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Rudy
12-04-2002, 10:07 AM
I ran into a guy at a LFS yesterday who was telling me never to use sand in the aquariums. There is barely any water movement through some portions of the sand especially if you have piled up rocks. This can cause an anerobic bacteria build up that will at one point become septic. IN a matter of days. He explained the process pretty well like he knew what he was talking about. I pulled a Homer Simpson and just nodded and acted like I knew what the hell he was talking about.

Anybody want to shed some light on this???

froggy
12-04-2002, 11:05 AM
rudy,
what he says is partially true, sand can become dead when compacted, especially if its very deep, but takes more than a few days.
I use sand in almost all my tanks, usually no deeper than 1-1 1/2" and every water change i just give the sand a stir up. ive never had any problems doing it this way.

sue

Scotty
12-04-2002, 02:34 PM
To add to Sue's excellent comments, let me add that whether you use sand or gravel, you should always put the rocks down on a bare bottom first, than add your substrate. Besides allowing you complete access to stir/vacuum your substrate, your fish wont be able to cause a collapse by digging under the rocks.

Overawed
12-04-2002, 06:04 PM
My cichs stir the sand up so much, that I will never have to worry about anerobic bacteria. I have a female Johanni who must think she is a male, all she does is build breeding pits. Then my Acei loves to fan his tail over the sand. I also clean the tank every week, take out all the rocks and move my hand through the sand. Just for good measure.

chc
03-02-2003, 02:51 PM
I've read some studies that say, basically, that the hydrogen sulfide issue (i.e. dead spot gasses) is over emphasized. I am told that an aquarium couldn't produce enough to create much trouble. Still, I am leary of the whole deal, so I keep my sand beds thin and stir them regularly (often, you can get fish to do that for you!).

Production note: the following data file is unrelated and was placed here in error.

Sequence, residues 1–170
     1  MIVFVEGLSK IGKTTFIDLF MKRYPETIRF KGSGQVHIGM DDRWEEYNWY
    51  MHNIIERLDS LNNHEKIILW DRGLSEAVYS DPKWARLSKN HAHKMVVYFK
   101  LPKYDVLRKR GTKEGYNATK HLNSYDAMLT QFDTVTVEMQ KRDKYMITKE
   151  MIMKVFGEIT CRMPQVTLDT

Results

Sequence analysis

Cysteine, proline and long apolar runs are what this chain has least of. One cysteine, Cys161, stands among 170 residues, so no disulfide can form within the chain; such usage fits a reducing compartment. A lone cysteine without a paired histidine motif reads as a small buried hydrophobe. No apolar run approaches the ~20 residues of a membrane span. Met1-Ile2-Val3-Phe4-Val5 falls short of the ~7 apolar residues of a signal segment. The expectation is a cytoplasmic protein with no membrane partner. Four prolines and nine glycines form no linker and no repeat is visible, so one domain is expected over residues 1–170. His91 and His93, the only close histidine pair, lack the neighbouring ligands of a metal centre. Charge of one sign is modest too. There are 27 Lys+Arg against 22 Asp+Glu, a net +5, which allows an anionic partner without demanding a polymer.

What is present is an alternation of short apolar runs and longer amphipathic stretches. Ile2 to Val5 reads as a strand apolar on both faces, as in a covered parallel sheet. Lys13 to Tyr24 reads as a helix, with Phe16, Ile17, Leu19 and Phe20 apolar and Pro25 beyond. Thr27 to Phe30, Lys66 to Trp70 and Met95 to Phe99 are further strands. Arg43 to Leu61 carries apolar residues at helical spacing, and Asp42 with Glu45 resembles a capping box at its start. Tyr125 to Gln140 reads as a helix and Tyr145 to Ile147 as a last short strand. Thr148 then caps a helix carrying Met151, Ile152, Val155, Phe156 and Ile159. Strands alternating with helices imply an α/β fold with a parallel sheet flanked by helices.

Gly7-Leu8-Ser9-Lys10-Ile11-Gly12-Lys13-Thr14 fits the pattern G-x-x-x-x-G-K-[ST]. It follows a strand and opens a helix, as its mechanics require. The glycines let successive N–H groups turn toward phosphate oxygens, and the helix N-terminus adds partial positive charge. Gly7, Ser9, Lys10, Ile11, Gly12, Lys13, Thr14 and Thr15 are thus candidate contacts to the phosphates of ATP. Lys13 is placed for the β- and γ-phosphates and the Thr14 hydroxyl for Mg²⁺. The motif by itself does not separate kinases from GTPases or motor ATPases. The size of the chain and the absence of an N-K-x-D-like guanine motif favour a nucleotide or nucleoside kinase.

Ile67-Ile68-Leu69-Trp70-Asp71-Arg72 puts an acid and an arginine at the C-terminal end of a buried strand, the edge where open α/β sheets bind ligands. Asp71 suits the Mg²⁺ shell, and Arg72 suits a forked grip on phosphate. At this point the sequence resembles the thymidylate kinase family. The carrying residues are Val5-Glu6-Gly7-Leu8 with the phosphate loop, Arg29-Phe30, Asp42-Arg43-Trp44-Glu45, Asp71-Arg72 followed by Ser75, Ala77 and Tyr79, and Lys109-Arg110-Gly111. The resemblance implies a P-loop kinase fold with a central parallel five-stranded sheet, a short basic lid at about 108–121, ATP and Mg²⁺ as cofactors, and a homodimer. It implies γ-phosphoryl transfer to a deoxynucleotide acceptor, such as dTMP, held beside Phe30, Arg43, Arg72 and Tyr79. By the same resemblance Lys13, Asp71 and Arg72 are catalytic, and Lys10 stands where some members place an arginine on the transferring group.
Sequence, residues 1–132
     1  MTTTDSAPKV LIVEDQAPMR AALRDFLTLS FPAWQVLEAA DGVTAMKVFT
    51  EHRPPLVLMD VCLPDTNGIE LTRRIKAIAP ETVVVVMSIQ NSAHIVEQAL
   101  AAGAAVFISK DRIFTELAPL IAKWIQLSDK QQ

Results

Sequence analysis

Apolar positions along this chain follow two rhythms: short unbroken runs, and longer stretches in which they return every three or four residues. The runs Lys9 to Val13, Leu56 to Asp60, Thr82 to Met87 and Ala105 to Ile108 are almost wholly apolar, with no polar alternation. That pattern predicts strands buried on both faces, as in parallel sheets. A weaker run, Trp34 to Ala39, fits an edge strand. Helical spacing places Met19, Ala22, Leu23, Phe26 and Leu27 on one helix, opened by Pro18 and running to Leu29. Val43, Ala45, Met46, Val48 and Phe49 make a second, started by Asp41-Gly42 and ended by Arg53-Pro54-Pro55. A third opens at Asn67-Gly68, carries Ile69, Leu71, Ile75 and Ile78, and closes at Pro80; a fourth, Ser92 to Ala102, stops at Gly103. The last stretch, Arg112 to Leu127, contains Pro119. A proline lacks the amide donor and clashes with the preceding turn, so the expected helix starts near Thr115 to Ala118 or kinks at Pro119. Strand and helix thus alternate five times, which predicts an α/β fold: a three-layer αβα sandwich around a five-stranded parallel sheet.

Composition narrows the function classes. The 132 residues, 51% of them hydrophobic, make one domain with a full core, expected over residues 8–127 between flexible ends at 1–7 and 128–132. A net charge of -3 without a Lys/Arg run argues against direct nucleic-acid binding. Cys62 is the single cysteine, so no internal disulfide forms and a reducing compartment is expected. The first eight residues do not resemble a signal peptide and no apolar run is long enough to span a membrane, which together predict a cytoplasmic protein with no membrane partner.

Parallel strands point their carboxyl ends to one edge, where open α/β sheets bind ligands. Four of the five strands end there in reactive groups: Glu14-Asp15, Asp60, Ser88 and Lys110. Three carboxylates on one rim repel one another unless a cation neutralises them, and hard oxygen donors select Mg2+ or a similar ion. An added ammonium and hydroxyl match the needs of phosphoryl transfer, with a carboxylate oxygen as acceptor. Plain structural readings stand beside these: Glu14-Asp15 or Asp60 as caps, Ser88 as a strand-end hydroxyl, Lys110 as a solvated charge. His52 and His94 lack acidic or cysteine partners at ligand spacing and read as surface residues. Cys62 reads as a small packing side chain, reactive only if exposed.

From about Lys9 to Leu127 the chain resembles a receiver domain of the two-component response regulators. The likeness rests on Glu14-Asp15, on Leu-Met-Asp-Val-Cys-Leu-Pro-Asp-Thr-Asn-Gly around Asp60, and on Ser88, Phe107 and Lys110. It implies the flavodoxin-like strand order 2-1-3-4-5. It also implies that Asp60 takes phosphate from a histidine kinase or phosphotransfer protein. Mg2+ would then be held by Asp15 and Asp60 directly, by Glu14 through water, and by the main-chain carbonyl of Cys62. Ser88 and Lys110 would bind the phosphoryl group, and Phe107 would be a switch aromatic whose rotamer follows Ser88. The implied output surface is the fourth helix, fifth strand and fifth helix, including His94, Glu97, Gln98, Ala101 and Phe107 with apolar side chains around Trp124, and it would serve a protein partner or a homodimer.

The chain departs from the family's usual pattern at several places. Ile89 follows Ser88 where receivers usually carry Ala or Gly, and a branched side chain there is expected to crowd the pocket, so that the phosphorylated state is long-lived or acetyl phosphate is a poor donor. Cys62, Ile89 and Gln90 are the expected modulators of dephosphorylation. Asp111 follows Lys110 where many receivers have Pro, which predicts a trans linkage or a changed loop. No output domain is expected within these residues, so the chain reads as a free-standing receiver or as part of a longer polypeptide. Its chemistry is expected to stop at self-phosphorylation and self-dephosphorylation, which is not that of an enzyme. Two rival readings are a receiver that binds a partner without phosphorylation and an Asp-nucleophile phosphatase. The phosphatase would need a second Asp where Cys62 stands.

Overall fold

Noelemac
03-02-2003, 03:55 PM
To you people that use hang over power filters and sand, how long do you leave the filters off before the sand settles, or do you even turn them off? I tried sand with a top fin 20 hang over filter and a 10 gallon tank and it was shortly after the filter had problems of grindind and stoping and I had to clean it thouraly. I love the look of sand.

Rudy
03-02-2003, 05:38 PM
[quote:9a4b61eb72]To you people that use hang over power filters and sand, how long do you leave the filters off before the sand settles, or do you even turn them off? I tried sand with a top fin 20 hang over filter and a 10 gallon tank and it was shortly after the filter had problems of grindind and stoping and I had to clean it thouraly. I love the look of sand[/quote:9a4b61eb72]

In all honesty it depends. Most times I wait about an hour, but the trick is to soak the sand the night before. I also use a quick filter 802 to filter out some of the floating particles.

Rudy
03-02-2003, 05:38 PM
[quote:115a7b52cb]To you people that use hang over power filters and sand, how long do you leave the filters off before the sand settles, or do you even turn them off? I tried sand with a top fin 20 hang over filter and a 10 gallon tank and it was shortly after the filter had problems of grindind and stoping and I had to clean it thouraly. I love the look of sand[/quote:115a7b52cb]